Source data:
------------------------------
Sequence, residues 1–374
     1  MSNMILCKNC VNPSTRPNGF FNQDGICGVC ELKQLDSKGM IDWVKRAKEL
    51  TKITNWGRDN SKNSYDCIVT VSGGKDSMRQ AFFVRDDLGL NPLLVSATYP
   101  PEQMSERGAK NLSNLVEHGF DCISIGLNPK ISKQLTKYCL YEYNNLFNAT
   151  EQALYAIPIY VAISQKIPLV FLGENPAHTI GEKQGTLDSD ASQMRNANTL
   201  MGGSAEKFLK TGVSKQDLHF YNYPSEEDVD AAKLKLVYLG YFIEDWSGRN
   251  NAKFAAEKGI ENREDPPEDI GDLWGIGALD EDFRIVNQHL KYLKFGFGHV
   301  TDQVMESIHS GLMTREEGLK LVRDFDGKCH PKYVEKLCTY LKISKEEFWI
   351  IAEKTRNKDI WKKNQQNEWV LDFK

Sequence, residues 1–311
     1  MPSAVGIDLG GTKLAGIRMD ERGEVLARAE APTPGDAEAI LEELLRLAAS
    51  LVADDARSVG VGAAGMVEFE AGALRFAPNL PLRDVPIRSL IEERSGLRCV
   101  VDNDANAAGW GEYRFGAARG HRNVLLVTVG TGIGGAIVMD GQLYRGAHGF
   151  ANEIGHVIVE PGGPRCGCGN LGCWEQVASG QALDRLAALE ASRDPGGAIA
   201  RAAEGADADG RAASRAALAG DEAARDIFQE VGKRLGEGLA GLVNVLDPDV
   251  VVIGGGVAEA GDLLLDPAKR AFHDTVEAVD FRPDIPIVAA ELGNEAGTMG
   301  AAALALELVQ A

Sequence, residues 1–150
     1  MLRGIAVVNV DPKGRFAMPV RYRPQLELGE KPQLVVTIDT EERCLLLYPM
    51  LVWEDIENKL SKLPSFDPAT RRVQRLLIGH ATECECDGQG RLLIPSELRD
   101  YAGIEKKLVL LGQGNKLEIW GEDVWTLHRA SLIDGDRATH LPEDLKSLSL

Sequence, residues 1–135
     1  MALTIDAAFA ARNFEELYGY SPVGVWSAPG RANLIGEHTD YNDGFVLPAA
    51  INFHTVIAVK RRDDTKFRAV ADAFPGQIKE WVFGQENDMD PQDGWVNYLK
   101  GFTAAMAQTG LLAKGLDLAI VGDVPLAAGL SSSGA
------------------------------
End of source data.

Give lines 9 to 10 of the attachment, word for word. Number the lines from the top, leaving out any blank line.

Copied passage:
   351  IAEKTRNKDI WKKNQQNEWV LDFK

Sequence, residues 1–311